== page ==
WWF-Pacific and Methodist Church to launch Christian Environmentalism publication at Ecumenical event
Planned under the theme ‘Season of Creation,’ the emphasis of the ecumenical event is to encourage people to focus on the importance of the environment and care for creation.
The event began with a short service led by Rev. Dr Tevita Banivanua of the Fiji Council of Churches and included speakers such as Robert Randolph of the Suva City Council, who spoke on SCCs environmental plans; BSPs Head of Marketing, Nirdesh Singh who spoke on the banks community partnerships; Elimi Kurusiga of the Ministry of Forests who talked on the importance of planting trees and mangroves; Bruce Edwards of the Fiji Community Churches of Christ who discussed Christian attitudes towards Climate Change and Dwain Qalovaki of the Uto ni Yalo Trust Fund who provided an update on the Plastic initiative and Coastal Clean Up data results of the event.
The brief presentations will conclude with the launching of the Christian environmentalism publication authored by Rev Jeremaia Waqainabete and supported by WWF-Pacific.
“The publication is a collaboration between the Methodist Church of Fiji and WWF-Pacific targeted at encouraging not just Methodists but all members of the Christian faith to become better stewards of the environment, given the increasing loss of biodiversity not only in Fiji but globally and the need to responsibly manage these finite resources if we are to leave our future generations a livable planet,” WWF-Pacific Conservation Director Francis Areki said.
"This is a very progressive step taken by the Methodist Church in Fiji, to strengthen a fundamental principle established in the Book of Genesis, that all humans were given domination over and are tasked to, care for and protect God’s creations. In 2015, Pope Francis issued his second encyclical “Laudato Si” or Praise Be to You- On Care for our Common Home which highlights the growing threats to our planet, irresponsible development and consumerism, environmental degradation and global warming and calls on all people of the world to support unified action. It is very gratifying to see our spiritual leaders from different Christian denominations creating this movement and taking up the mantle to combat these threats to our planet and home," Conservation Director Areki said.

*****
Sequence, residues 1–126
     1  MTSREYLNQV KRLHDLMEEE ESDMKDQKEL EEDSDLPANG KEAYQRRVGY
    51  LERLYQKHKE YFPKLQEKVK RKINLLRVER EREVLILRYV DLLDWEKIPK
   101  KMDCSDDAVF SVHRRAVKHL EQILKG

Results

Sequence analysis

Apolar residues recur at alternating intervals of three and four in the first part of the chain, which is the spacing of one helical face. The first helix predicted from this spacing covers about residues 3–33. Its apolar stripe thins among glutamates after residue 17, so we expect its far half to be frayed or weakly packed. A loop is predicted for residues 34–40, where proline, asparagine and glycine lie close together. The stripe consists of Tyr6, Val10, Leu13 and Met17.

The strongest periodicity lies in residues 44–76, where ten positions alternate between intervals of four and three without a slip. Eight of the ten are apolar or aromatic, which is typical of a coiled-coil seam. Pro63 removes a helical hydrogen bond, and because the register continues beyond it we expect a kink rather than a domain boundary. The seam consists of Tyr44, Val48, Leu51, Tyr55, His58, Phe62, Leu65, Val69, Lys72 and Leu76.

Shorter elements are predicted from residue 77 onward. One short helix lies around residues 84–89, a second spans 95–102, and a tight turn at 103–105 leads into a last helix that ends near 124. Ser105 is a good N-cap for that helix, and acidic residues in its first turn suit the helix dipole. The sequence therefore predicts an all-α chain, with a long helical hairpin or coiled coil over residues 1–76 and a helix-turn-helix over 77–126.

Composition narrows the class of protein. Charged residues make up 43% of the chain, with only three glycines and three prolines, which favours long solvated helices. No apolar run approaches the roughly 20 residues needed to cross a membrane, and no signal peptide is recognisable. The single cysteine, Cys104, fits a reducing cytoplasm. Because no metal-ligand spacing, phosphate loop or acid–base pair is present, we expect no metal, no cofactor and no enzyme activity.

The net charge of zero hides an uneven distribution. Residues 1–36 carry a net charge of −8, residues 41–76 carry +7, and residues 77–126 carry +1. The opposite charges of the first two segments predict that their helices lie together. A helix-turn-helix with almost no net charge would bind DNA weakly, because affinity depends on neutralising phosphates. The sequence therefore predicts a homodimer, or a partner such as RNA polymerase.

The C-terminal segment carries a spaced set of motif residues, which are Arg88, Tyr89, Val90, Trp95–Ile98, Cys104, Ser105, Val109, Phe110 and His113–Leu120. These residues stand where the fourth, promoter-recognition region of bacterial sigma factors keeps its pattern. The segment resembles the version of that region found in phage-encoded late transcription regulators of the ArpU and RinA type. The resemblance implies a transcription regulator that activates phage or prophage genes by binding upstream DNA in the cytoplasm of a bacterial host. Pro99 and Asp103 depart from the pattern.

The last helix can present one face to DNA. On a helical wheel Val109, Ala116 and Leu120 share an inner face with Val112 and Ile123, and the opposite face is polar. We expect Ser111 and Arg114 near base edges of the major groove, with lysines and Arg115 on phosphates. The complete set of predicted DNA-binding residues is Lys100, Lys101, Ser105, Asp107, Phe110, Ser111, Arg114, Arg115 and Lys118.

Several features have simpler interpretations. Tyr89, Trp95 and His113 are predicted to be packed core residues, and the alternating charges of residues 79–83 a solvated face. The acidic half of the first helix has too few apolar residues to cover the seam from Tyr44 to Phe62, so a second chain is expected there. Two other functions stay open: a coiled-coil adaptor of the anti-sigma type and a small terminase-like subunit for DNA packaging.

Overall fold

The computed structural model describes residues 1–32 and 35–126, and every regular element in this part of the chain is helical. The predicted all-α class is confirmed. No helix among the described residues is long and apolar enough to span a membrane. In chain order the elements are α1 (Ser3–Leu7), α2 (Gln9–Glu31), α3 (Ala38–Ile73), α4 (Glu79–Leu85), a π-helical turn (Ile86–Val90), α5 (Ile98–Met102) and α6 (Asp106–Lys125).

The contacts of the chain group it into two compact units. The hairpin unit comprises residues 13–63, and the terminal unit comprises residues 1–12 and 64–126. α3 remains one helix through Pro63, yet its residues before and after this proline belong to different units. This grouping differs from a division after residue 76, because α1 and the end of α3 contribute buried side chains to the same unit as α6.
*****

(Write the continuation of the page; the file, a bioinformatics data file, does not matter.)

“It’s all about changing mind sets to effect change. The tracts will be used by divinity students of the Methodist Theological College at Davuilevu as well as Church Elders and lay preachers serving at divisions and circuits,” said Reverend Jeremaia Waqainabete.
Speaking on the Christian environmental tracts, Rev Waqainabete added that he together with WWF Conservation Director Francis Areki had advocated on creating awareness of the tracts for over two years to policy makers, national leaders and the public, speaking at events such as the Annual Methodist Conference to Regional, National, Divisional and District meetings.
“The most essential group that needs to be involved is our youths and we are taking a top down approach to firstly involve the leaders at all levels on the environmental tracts raising awareness about the vulnerability of the environment once they (church elders) are informed only then can change be realized by speaking to our youths,”
“Our youths are important because we would need them to implement projects that focus on environmental care,” Rev Jeremaia Waqainabete said.
The launch of the tracts will be followed by the Ministry of Forestry taking the lead in planting around 10,000 along the seawall area along with a coastal clean-up that will be led by the Uto ni Yalo Trust.
The season of creation runs from the month of September1st to October 4th and is expected to be an annual event.